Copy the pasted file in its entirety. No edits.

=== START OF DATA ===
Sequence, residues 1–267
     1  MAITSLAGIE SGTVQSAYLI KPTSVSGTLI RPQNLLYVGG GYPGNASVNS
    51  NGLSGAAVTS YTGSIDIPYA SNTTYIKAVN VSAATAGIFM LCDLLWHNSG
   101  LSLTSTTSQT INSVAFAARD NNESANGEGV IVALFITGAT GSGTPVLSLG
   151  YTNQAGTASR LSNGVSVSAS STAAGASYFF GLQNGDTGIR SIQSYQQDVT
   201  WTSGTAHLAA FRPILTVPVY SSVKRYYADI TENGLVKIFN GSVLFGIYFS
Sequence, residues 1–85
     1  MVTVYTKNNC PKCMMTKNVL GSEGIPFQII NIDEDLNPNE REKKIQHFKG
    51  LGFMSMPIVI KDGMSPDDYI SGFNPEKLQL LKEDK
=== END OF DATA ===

Sequence, residues 1–267
     1  MAITSLAGIE SGTVQSAYLI KPTSVSGTLI RPQNLLYVGG GYPGNASVNS
    51  NGLSGAAVTS YTGSIDIPYA SNTTYIKAVN VSAATAGIFM LCDLLWHNSG
   101  LSLTSTTSQT INSVAFAARD NNESANGEGV IVALFITGAT GSGTPVLSLG
   151  YTNQAGTASR LSNGVSVSAS STAAGASYFF GLQNGDTGIR SIQSYQQDVT
   201  WTSGTAHLAA FRPILTVPVY SSVKRYYADI TENGLVKIFN GSVLFGIYFS
Sequence, residues 1–85
     1  MVTVYTKNNC PKCMMTKNVL GSEGIPFQII NIDEDLNPNE REKKIQHFKG
    51  LGFMSMPIVI KDGMSPDDYI SGFNPEKLQL LKEDK